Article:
Qualitative data synthesis

Extracted outcome measures (HCV-Ab incidence, HCV-Ab prevalence, HCV RNA prevalence, HCV genotypes/subtypes, and risk factors) will be reported according to the study population’s risk of acquiring HCV infection (likelihood of being exposed to HCV: (1) populations at low-risk: these include populations such as the general population, blood donors, pregnant women, and healthy adults and children. (2) Populations at intermediate-risk: these include populations such as healthcare workers, medical students, patients with sexually transmitted diseases, HIV infected persons where the main suspected mode of transmission is sexual, female sex workers, men who have sex with men, homeless people. In addition, as mobile men in Mongolia are considered to be at a greater risk for HIV and STIs due to a greater probability of having casual sex partners and/or having sex with female and/or male sex workers [25], mobile men and traveling traders will be also included in the category of populations at intermediate-risk. (3) Populations at high-risk: these include populations such as people who inject drugs and patients with hemophilia, hemodialysis, thalassemia, and/or multiple transfusions, and HIV infected persons where the main suspected mode of transmission is parenteral. (4) Special clinical populations: these include patients with specific medical conditions that could be related to HCV infection such as chronic liver disease, acute viral hepatitis, liver cirrhosis, hepatocellular carcinoma, and glomerulonephritis. Special clinical populations also include patients referred for HCV testing. Additionally, special clinical populations include other clinical populations who could have been exposed to HCV in clinical settings due to the specific nature of HCV epidemiology in Mongolia; but at uncertain level of exposure making it difficult to classify them under the former three at-risk population categories. This category will include also the immune compromised populations other than HIV/AIDS patients. 5) Mixed populations: these include a mix of at least two of the at-risk population categories indicated above.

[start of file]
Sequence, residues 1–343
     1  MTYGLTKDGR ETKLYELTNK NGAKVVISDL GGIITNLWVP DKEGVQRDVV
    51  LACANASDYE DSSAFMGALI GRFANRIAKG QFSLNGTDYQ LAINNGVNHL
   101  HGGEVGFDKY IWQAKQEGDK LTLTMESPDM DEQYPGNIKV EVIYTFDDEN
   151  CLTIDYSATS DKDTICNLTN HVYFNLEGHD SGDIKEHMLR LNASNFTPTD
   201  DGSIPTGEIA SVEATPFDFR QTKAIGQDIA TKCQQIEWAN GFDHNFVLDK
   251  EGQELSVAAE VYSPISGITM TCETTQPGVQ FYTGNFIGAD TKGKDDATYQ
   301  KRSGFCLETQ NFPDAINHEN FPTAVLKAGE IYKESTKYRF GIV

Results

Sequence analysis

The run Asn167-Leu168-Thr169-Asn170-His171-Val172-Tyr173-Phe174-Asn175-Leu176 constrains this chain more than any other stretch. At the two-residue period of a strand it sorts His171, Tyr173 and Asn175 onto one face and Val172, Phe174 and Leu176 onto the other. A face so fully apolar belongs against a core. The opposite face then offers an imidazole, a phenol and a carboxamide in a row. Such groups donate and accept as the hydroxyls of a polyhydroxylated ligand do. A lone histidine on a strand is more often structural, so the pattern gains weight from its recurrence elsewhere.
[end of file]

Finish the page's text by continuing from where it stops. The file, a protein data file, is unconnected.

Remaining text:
Quantitative data synthesis

Meta-analysis